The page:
Greek-born Dimitris Legakis has lived and worked in Wales for 17 years and considers the UK his home. But since he was hurt in a racially motivated attack last year, he fears for the safety of his family.
It follows official figures released in October showing the number of hate crimes across England and Wales rose by 29% in 2016-17.
A Home Office report said the biggest rise was in disability and transgender hate crimes, but said the increase was mainly due to better crime recording.
South Wales Police said it was “more important than ever” that communities reported issues.
Mr Legakis explained what happened to him.
Dimitris Legakis is a familiar face to the fans and the players at Swansea City Football Club.
As their official photographer he is a regular on the touchline at the Premier League team’s home and away matches.
His photographs regularly feature in the pages of the national newspapers and, trusted by the players and management, he travels with the team to matches.
Last December he was with the team for their away trip to Middlesbrough for the Swans’ match at the Riverside Stadium.
The night before the match when he was in the city centre he saw a man smash a car window.
Mr Legakis, 41, called 999. The man heard his Greek accent and turned on him calling him a “smelly foreigner”.
Mr Legakis was able to photograph the man before he launched a vicious attack which he also recorded on his mobile phone.
“I ended up with two broken arms, my right forearm, the left one a little bone called the scaphoid which hasn’t healed yet,” Mr Legakis said.
“I couldn’t work for two months – I calculated it was over £10,000 of work that I lost out on.”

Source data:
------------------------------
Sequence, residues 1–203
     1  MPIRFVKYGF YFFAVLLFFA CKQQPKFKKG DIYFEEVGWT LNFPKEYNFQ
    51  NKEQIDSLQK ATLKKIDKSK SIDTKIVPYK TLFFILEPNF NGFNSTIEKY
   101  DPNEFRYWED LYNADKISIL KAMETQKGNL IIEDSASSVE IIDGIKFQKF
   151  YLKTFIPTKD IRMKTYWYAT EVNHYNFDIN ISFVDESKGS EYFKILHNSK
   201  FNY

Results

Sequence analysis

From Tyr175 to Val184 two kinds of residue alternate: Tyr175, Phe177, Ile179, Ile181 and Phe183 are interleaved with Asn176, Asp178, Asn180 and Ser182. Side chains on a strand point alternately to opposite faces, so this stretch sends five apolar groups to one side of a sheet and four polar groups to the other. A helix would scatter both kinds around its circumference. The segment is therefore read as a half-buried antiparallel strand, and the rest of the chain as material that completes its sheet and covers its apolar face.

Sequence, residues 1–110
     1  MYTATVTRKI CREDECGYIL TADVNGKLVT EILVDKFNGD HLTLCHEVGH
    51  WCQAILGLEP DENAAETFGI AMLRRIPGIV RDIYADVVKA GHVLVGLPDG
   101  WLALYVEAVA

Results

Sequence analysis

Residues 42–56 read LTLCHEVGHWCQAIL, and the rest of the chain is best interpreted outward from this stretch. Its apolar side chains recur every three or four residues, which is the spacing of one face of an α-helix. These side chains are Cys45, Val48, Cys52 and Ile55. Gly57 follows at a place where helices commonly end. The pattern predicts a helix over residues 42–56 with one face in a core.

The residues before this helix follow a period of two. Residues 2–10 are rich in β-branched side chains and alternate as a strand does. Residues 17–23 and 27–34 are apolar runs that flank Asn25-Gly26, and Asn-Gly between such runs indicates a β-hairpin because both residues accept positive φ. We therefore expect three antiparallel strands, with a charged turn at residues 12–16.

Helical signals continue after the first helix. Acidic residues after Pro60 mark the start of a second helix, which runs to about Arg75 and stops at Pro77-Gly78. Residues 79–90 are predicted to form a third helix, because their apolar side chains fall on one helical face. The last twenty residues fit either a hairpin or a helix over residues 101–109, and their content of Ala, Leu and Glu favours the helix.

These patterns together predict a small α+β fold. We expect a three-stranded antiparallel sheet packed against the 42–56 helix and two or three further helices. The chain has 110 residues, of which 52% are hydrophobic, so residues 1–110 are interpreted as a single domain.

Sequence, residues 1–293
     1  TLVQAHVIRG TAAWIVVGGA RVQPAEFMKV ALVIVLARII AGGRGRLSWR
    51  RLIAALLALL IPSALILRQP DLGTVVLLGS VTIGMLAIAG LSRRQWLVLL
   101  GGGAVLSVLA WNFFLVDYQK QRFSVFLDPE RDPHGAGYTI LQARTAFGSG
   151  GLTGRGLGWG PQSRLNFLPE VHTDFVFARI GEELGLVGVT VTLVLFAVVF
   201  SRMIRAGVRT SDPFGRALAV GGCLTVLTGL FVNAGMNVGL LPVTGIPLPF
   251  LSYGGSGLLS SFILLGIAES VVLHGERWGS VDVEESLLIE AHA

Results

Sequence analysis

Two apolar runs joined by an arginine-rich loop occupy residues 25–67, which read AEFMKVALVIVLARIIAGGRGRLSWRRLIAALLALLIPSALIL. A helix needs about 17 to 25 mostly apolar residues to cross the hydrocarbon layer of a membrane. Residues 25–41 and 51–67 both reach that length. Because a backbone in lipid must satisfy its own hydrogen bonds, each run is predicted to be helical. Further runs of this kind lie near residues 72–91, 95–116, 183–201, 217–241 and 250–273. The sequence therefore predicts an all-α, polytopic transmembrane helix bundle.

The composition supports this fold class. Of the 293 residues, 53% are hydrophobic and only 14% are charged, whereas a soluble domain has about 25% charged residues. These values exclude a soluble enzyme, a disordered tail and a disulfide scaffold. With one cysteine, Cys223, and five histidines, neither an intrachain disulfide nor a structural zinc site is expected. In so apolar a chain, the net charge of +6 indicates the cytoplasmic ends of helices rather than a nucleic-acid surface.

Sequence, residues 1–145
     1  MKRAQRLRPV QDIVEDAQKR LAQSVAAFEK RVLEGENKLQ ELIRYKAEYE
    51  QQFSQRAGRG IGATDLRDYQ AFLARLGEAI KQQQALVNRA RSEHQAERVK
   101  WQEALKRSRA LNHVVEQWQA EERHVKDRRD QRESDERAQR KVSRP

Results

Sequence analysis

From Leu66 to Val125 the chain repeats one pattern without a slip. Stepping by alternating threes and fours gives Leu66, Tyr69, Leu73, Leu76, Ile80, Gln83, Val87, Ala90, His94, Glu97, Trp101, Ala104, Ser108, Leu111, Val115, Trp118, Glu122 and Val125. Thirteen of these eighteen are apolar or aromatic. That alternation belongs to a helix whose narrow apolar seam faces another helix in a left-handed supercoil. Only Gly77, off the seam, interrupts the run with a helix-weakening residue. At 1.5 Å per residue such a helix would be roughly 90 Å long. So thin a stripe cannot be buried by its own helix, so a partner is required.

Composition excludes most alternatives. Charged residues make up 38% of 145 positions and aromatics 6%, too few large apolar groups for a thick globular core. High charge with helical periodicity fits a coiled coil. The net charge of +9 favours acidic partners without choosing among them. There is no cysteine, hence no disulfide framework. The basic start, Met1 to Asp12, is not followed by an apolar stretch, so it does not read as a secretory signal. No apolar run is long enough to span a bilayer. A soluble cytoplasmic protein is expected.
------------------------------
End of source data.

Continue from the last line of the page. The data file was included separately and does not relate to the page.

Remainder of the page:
During the five-minute call to police Mr Legakis can be heard screaming for help as his attacker Daniel Skelton kicked and punched him to the ground.
As well as broken bones, Mr Legakis suffered facial injuries, cuts, serious bruising and was left traumatised by the attack. His camera kit was also badly damaged.
Skelton, 29, from Redcar, Teesside was jailed for 28 months in June after admitting racially aggravated grievous bodily harm, two charges of racially aggravated damage and damaging property, at Teesside Crown Court.
The judge described it as a “sustained and vicious attack”.
In a letter to Mr Legakis after the assault, Skelton apologised for his actions.
He wrote: “I am truly sorry. I had no right to touch you or your belongings – I was in a very bad place.
“If I could take it back I would. I hate myself for my actions that night.”
Mr Legakis said: “He said he had separated from his girlfriend and he was trying to have a few drinks to forget about it.”
A year on, Mr Legakis said it had changed the way he thinks and feels about other people.
“I’m a bit more concerned, I’ve always been very open to people, very friendly, I want to believe I am at least, and it’s knocked me down a bit in that people may make a comment or say or do something just because of a foreign accent,” he said.
Following the attack and since a reported spike in the number of recorded hate crimes after the Brexit vote, Mr Legakis said he was concerned not just for his safety but for that of his family.
“They do carry a foreign surname with them which at some point may cause some problems for them,” he said.